Pro-talks faction seeks solution
The pro-talks Ulfa faction wants the Centre to bring a logical end to the ongoing dialogue soon, following the signing of the Bodo peace Accord.
The push to conclude the talks stems from the fear over the government’s effort to bring Ulfa (I) chief Paresh Ba-rua to join the peace process which might “delay” the dialogue with the pro-talks group.
Talks with Ulfa, which began in 2011, have almost reached its final stage. The last round of discussion was held in November last year.
Sources said the dialogue between pro-talks Ulfa and the Centre was put on hold till the final report of the high-powered committee for implementation of Clause 6 of the Assam Accord, which is working to define “Assamese” and “indigenous people” and their constitutional, legislative and administrative safeguards and land rights. The committee is expected to submit its report by February 15.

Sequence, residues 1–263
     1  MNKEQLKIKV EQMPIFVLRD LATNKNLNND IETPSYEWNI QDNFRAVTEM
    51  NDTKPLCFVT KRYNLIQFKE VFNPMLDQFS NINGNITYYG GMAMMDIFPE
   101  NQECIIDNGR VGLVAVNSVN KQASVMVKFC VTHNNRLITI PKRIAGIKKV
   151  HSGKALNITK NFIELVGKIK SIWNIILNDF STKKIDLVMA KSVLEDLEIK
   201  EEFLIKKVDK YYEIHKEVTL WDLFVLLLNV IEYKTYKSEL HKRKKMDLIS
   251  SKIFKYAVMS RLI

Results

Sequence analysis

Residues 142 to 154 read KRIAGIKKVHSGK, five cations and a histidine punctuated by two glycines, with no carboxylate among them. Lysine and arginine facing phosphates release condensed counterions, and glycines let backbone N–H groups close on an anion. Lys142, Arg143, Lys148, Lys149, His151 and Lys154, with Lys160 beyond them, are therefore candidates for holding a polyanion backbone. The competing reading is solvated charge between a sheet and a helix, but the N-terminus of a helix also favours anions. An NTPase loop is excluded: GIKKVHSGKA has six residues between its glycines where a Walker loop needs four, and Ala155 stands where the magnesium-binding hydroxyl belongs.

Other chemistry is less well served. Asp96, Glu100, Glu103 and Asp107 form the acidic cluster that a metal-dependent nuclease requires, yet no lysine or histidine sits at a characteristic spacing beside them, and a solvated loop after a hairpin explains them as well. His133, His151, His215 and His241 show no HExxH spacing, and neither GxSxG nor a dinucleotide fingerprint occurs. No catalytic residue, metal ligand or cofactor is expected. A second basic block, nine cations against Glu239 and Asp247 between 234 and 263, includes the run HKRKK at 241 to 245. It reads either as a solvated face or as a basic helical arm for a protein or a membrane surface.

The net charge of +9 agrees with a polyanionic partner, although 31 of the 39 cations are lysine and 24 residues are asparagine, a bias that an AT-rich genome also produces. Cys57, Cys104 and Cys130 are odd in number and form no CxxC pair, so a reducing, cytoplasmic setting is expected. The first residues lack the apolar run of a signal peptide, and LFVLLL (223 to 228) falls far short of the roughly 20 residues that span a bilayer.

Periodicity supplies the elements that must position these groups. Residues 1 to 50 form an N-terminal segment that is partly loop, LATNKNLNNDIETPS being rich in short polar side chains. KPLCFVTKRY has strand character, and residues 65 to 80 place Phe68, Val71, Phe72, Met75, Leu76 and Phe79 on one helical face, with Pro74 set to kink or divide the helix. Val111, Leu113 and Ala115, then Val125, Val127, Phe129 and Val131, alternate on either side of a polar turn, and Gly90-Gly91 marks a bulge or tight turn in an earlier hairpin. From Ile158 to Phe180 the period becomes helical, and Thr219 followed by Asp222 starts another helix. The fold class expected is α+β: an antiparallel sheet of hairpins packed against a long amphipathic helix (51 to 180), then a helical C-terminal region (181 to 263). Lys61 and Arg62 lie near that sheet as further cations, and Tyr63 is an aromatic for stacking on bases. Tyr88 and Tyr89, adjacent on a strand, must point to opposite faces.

“When the committee defi-nes who is an Assamese, only then dialogue will resu-me as the pro-talks faction has demanded similar constitutional safeguards,” a source said.
The pro-talks faction has also demanded resolution of the problem of illegal migration from Bangladesh and seeking details of the whereabouts of 50 leaders and cadres, who went missing from its erstwhile headquarters in Bhutan during an operation launched in 2005.
Pro-talks leader and Ulfa general secretary Anup Chetia said, “We were hopeful of an early solution, maybe before Rongali Bihu. But if the government wants Barua to join the peace talks, then it may be delayed. The ball is in the government’s court.”
Finance minister Himanta Biswa Sarma said Prime Minister Narendra Modi discu-ssed with him and chief minister Sarbananda Sonowal on holding talks with Ulfa (I). “The Prime Minister advised holding detailed discussions with Union home minister Amit Shah. The state cabinet may soon decide to send a formal invitation to Ulfa-I for talks,” Sarma said.